While at first she was vague in her videos, she eventually shared the first names of the bartenders – Charlotte and Nic – and their places of work. Both establishments have been inundated with negative reviews on Google and Yelp, referring to harassment against women. And both bartenders say they have personally received some nasty messages.

“I am terrified,” the bartender, who requested the protection orders, said Wednesday in court as she sought an extension of the second order. “I don’t sleep. I don’t eat. I haven’t slept in days. I’m in pain, my hair is falling out.” She said she left her apartment and sent her son to his father.

She admitted in court that there had been no direct threats from Briscoe or anyone else. A judge rejected his request, saying it was unfounded.

Protection orders “can only be issued if there is evidence of an act of violence, force or threat to commit such an act,” Judge Richard McCue said. “There has been no evidence to support this.”

The woman did not provide further comments to The Post.

Nicholas Gray, the other bartender accused by Briscoe, said he received more than 100 heinous calls at his bar the night Briscoe was arrested.

“I’m afraid for who will come in,” he said. “It’s going to get crazy.”

It was Gray that Briscoe accused of taking her out with the intention of humiliating her, an accusation he denies. It was just an informal meeting, he insists, that he offered to pay because he gets a discount at the bar where he works. He barely uses social media, he added, and played no role in the anonymous comments.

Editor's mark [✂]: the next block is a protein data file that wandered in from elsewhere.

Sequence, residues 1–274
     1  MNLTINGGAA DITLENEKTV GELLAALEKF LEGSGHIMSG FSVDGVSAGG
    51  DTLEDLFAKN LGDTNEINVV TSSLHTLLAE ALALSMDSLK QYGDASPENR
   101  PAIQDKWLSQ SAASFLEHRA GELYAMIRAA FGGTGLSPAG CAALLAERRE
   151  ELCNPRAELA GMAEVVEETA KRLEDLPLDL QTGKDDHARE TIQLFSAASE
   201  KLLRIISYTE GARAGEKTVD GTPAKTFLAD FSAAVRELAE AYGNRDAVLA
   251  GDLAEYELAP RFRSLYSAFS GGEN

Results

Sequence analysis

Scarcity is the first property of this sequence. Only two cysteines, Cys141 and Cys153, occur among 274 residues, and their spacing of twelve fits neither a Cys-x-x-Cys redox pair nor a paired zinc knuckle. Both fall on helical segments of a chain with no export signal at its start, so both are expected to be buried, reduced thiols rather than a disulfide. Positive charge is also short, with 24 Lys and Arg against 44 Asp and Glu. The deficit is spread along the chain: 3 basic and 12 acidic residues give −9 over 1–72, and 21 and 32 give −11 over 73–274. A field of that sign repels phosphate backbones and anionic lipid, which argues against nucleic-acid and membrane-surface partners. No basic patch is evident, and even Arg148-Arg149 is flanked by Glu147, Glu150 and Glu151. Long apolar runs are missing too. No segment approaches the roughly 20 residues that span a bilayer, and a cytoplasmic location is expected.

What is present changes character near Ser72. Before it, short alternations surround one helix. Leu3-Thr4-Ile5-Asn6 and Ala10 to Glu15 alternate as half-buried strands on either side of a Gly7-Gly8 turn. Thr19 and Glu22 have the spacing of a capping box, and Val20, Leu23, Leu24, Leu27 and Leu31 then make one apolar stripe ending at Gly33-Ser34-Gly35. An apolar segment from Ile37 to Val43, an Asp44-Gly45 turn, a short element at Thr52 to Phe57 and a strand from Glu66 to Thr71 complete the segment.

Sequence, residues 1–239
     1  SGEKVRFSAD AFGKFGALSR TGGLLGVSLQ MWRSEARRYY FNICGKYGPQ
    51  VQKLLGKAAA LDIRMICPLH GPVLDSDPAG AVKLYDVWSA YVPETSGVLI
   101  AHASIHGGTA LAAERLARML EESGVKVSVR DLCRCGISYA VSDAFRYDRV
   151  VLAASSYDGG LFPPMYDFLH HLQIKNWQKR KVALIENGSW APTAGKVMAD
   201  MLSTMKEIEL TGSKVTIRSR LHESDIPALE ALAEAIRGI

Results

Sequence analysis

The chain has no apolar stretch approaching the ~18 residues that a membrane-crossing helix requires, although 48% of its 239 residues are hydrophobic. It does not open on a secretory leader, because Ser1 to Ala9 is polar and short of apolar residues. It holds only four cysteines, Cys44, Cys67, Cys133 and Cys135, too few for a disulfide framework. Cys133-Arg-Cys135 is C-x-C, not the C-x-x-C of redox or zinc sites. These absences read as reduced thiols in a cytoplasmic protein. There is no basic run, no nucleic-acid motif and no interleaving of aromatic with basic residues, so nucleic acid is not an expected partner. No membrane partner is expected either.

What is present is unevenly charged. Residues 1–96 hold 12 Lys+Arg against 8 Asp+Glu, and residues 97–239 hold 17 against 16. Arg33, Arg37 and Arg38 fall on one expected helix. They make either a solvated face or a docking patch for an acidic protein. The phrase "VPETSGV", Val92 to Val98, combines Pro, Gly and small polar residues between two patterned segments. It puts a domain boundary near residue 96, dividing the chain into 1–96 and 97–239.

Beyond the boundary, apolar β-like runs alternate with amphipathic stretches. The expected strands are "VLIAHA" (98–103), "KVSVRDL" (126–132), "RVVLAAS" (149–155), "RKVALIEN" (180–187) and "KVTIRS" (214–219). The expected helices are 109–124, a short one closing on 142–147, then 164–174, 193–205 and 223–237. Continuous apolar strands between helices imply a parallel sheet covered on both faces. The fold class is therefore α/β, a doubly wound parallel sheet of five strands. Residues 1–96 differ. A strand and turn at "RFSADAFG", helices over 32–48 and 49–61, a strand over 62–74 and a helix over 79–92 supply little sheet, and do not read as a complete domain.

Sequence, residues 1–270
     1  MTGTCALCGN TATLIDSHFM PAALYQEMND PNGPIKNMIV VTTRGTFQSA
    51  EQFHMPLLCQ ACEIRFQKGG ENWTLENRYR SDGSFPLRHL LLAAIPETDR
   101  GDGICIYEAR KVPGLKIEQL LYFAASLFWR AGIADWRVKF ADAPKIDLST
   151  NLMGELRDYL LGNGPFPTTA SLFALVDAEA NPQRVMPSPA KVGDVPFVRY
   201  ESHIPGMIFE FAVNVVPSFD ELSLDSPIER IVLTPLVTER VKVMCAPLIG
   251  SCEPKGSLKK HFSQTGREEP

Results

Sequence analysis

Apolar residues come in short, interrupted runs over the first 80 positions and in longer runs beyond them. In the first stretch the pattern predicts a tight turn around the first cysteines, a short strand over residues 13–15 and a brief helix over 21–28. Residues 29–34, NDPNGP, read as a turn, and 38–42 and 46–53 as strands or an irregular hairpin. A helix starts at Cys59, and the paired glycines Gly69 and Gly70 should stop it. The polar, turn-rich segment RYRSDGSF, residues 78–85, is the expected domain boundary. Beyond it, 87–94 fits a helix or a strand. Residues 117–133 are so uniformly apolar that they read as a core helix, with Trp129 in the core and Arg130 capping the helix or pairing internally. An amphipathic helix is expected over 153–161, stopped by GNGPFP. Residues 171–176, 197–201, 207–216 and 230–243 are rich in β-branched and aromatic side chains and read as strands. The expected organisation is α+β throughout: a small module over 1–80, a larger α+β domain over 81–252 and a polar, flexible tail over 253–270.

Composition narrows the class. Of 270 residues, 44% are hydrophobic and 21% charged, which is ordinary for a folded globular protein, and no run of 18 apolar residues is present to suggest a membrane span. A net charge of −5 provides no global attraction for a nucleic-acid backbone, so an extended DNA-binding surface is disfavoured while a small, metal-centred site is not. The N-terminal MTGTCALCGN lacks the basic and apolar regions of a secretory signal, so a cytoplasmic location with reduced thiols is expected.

“I am nothing of what she says I am,” he said.

While “some derogatory things were said about Ms. Briscoe” in the group chat, Gray admitted, “the only time her location was discussed was for people to avoid her. Whether it was right or wrong, that’s what it was. She’s a problem. “

The bartender also admitted to taking a video of Briscoe riding a bike and sharing it with the text group, but said it was to warn other bars that Briscoe might be coming.

Briscoe says she has never behaved inappropriately in any bar and insists she is the victim. She was the first to approach authorities, filing a police report on July 19.

“I fear for my safety,” she wrote in the report. “I no longer feel safe in my neighborhood.

The next day, Briscoe said, she was served by four police officers at 4 a.m. with a restraining order ordering her “not to discuss” the bartender “or related matters on social media.”

She stayed out of TikTok for three days. Upon her return, she told her supporters that the argument was at the root of her absence. If anyone had guessed that someone in the focus group “filed a restraining order against me … you would be right,” she said.

Until then, she had not named any establishment and had only used the first names of the bartenders. She said her supporters convinced her that if she really felt the bars were dangerous, she should warn others and that she no longer trusted the police because the bartender had described her boyfriend as a cop. ‘Arlington.